Travel Guide Tanzania: Serengeti National Park
The Serengeti National Park in Tanzania is home to Africa's "Big Five" and has been a UNESCO World Heritage Site since 1981.
Serengeti National Park, renowned for the awe-inspiring Great Wildlife Migration, showcases two million wildebeests, zebras, and antelopes in its vast landscapes. As a captivating game reserve, it is home to Africa's iconic “Big Five” and has been a UNESCO World Heritage Site since 1981.
Serengeti National Park
Savannah in northern Tanzania, east of Lake Victoria to southern Kenya
Approx. 30.000 km²
Lions, leopards, hyenas, wild dogs, zebras, various antelopes - such as impala, wildebeest, waterbuck, kudu. Elephants, giraffes, buffaloes, rhinos and pigs as well as almost 500 bird species.
Day and night game drives, walking safaris, visit to Olduvai Gorge, cultural excursion to the Maasai, visit to the Serengeti Visitor Centre.
Best travel time
May to October (dry season), November to April (rainy season)
A highlight of the Serengeti National Park is the annual wildlife migration: huge herds of wildebeest, gazelles and zebras make their way to the various watering holes, pursued by potential predators.
Visiting Serengeti National Park
Location and wildlife
Located in northern Tanzania, Serengeti National Park is a breathtaking destination that showcases the beauty of nature. This huge park, which partially borders Kenya and lies northwest of the Ngorongoro Conservation Area, covers about fifteen thousand square kilometres of savannah plains.
The highlight of Serengeti National Park is the Great Wildlife Migration: Every year, enormous herds of wildebeests, gazelles, giraffes and zebras embark on a journey to permanent water holes, followed closely by their predators. This extraordinary environment is considered one of the most impressive natural events in the world and makes Serengeti National Park so iconic. About 3,000 to 4,000 lions as well as many cheetahs, spotted hyenas and jackals roam the Serengeti National Park.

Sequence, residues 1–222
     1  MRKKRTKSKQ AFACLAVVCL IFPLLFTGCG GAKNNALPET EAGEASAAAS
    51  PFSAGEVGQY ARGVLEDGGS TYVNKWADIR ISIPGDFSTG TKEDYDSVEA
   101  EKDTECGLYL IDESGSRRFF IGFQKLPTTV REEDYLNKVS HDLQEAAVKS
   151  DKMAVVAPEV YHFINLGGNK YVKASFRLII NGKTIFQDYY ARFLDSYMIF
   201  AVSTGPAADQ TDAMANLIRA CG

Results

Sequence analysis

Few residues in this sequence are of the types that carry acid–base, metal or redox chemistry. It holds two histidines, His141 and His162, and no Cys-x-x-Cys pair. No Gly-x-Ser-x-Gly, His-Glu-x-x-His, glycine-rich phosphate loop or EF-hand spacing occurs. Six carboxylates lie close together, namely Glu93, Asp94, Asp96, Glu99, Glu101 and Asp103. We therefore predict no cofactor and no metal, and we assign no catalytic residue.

The park can be divided into three regions: Firstly, the Serengeti plains, where the wildebeest breed. Secondly, the western corridor is home to crocodiles and hippopotamuses. Thirdly, the northern Serengeti is characterised by hills and woodlands and provides the perfect habitat for elephants and giraffes. Serengeti National Park has it all: Grassland plains, savannah, riverine forests and woodlands. The park's landscape is diverse and captivating. The name "Serengeti" derives from the Maasai word "Siringet," meaning an open endless plain or "the place where land runs on forever."
Activities in the Serengeti National Park
The Serengeti National Park offers a wide range of different activities to suit a variety of visitor interests, creating an unforgettable experience in this magnificent wilderness. Nature lovers can immerse themselves in the impressive landscape and nature on hikes and discover the park's special gems. Although there are no hiking trails in the park, guided walking safaris for one or more days offer the opportunity to explore the wilderness on foot. You can experience the wildlife and the surroundings up close.
History fans can visit the renowned Olduvai Gorge, a significant archaeological site focussing on human evolution. In Addition, a visit to the Serengeti is also a chance to see the famous Maasai, a semi-nomadic tribe renowned across East Africa. Their rich culture, daily life and traditions offer a good insight into their way of life. Moreover, thrilling game drives allow visitors to witness the abundant wildlife up close, while Hot Air Balloon Safaris offer a unique perspective, floating above the vast plains of the Serengeti. For a truly immersive experience, bush meals provide an opportunity to dine amidst the untamed nature of the park. Exploring the Serengeti Visitor Centre offers valuable insights into the park's efforts regarding ecology and conservation.